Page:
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well, I don't have the privileges to paint the walls :D, it's kind of a living room and the projector won't be used most of the time, only to watch sports or movies.

why is the sony not good for more than 150" ?

reviews says the Benq isn't good for home theaters though
You said you have "light control" but you are not able/willing to make the room dark. "Light control" means preventing light from ANY source from hitting he screen -- including the projector's own light bouncing off walls/ceilings/floors and returning to the screen. So you do NOT have "light control".

The Sony, Epson 5030 and Benq W1070 are all in the 1500-1700 lumens brightness range. The Benq HC1200 is roughly 2100 lumens. Ignore the lumens advertised, pay attention to what reviewers have actually measured when the projector has the most accurate color and grayscale.

My conclusion went like this: Brightness is spread across the total area of the screen, actually divided by the area in square feet to arrive at a brightness-per-sq-foot or 'foot lamberts' number. You want a projector and screen that yields at least 15 fl. You need to consider the dimming of the lamp and whether you will still have the brightness you want through most of the lamp's lifetime. It will dim by 25% or so in the first few hundred hours and then drop to 50% slowly over the next couple thousand hours, so figure you will soon have only 1200 lumens on the first three and 1500 for the HC1200. A 150" screen is basically 66sf and a 180" is 100sf. 1200 lumens divided by 66sf yields 18fl but divided by 100sf yields only 12fl. In a room with dark walls/floors/ceilings, you could use a higher power screen material to boost this a bit, but in your room you can't do that because you will already have light bouncing off the walls and back onto the screen washing out your contrast.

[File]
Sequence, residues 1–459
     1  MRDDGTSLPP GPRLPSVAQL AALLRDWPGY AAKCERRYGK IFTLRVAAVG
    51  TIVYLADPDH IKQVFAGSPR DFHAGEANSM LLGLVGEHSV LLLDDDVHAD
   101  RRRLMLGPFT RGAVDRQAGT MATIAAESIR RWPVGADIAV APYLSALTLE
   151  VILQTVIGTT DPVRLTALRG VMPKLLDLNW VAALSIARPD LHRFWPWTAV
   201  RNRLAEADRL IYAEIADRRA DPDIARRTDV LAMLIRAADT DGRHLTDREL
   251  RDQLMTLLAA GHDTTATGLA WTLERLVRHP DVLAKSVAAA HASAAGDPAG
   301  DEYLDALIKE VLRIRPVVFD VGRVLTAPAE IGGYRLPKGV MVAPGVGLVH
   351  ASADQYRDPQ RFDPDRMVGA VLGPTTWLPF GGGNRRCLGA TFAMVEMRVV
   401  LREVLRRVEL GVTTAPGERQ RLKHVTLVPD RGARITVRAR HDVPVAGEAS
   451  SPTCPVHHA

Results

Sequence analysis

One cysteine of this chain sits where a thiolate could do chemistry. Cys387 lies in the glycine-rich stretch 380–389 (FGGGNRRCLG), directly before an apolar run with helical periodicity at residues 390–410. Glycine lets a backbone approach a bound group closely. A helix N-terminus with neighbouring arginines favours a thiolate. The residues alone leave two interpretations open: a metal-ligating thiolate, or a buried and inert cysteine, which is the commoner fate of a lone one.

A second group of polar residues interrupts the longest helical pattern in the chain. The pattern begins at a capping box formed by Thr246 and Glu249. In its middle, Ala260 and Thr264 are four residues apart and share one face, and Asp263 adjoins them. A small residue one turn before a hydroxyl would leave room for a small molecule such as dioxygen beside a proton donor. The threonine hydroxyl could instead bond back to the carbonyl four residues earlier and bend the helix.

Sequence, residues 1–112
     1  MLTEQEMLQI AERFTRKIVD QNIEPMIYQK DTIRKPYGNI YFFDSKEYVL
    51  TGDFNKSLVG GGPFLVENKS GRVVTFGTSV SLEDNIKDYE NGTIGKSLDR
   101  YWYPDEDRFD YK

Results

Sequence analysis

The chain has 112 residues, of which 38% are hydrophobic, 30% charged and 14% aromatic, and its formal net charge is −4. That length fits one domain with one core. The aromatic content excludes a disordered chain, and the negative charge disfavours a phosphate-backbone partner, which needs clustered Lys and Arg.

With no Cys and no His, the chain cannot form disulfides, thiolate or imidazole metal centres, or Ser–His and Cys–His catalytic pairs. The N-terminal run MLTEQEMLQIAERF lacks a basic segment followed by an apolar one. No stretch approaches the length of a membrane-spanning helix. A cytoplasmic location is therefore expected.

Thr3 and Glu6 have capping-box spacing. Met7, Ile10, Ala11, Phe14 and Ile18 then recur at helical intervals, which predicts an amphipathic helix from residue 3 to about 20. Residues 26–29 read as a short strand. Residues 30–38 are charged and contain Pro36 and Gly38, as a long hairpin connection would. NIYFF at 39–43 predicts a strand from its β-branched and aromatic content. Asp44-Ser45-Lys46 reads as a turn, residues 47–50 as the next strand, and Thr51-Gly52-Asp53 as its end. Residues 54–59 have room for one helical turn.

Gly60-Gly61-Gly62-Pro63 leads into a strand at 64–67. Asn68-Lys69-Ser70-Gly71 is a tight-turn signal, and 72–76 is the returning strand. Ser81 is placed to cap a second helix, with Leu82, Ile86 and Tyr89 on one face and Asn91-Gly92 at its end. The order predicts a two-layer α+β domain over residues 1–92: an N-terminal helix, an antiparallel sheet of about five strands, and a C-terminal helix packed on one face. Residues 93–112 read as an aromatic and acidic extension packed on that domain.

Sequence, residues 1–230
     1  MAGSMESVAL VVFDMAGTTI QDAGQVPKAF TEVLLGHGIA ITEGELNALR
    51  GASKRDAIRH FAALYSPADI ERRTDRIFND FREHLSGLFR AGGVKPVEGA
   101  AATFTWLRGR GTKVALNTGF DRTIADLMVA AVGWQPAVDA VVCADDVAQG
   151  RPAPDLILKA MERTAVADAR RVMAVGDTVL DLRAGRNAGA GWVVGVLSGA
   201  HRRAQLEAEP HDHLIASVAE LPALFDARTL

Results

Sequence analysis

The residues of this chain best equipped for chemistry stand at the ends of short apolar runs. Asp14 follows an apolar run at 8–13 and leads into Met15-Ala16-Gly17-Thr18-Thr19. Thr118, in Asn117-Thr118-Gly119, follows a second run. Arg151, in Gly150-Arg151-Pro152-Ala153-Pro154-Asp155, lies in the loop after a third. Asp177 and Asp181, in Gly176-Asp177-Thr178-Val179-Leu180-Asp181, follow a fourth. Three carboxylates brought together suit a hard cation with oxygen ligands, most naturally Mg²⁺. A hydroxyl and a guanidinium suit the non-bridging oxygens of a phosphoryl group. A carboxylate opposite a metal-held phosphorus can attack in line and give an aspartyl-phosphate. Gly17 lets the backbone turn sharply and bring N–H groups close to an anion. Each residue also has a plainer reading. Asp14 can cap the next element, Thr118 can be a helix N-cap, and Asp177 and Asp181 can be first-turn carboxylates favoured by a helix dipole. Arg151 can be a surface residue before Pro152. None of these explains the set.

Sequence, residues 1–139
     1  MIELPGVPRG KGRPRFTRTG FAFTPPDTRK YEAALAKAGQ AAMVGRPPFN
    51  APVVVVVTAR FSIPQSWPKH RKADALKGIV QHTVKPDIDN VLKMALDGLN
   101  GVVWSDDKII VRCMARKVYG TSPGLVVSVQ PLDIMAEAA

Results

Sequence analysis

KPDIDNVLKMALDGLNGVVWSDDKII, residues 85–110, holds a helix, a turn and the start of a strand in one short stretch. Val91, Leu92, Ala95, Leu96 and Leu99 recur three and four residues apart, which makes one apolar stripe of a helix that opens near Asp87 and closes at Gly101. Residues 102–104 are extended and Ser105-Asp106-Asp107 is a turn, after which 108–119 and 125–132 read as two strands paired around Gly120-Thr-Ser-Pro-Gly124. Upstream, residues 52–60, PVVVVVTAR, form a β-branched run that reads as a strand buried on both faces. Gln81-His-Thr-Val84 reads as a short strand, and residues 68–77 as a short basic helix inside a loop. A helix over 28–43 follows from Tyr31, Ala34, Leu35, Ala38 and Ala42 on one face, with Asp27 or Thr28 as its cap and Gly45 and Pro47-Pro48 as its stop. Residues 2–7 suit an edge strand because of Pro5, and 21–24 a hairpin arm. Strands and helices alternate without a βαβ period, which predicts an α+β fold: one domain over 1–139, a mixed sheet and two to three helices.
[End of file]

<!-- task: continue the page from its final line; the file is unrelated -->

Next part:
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Discussion Starter · #8 ·
thanks guys for the help

when I wrote light controlled room I didn't think about the walls and floor colors, I didn't think it would make a difference :)

I got my friend's projector today to just to get an idea of how it might look like, first, 100-120 screen is not small as I thought even though ~185 was REALLY nice :D. second,I decided to cover the walls with black drapes when using the projector as you guys suggested, and part of the floor but I don't think I can do the celling.

I guess my question is, if I bought the sony and had the screen at 185, the walls and floor covered, is screen going to be bright enough to watch sports ? or should I consider smaller screen ?



BTW my friend's projector is Epson EB-X11
 

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That's how how it looked like at about 185 on the same green wall
The Epson eb-x11 is a really bright projector. Even if you take a lot of lamp life into account, It's probably still pushing over 2000 lumens. The Sony hw40 is bright compared to other "Home theater" projectors, but there's no way it can match the brightness of an eb-x11. At 185 inches, you're not going to get good brightness out of the better home theater projectors like the Sony hw40 or Epson 5030. They're not made to be "Living room light Cannons".
Forget about the Sonys or the higher end Epsons. You need to look at the true light cannon champs that can put out tons of light while still maintaining a decent amount of contrast.
 

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That's how how it looked like at about 185 on the same green wall
That green wall is not bouncing as much light off the screen and onto the ceiling and side walls as a white screen would. So I think a white screen would be brighter with the Sony than the x11 against that green wall. That means it would be bouncing much more light off the ceiling and crystal chandelier, though, even if the walls closest had dark drapes pulled. So it might be brighter, but look more washed out.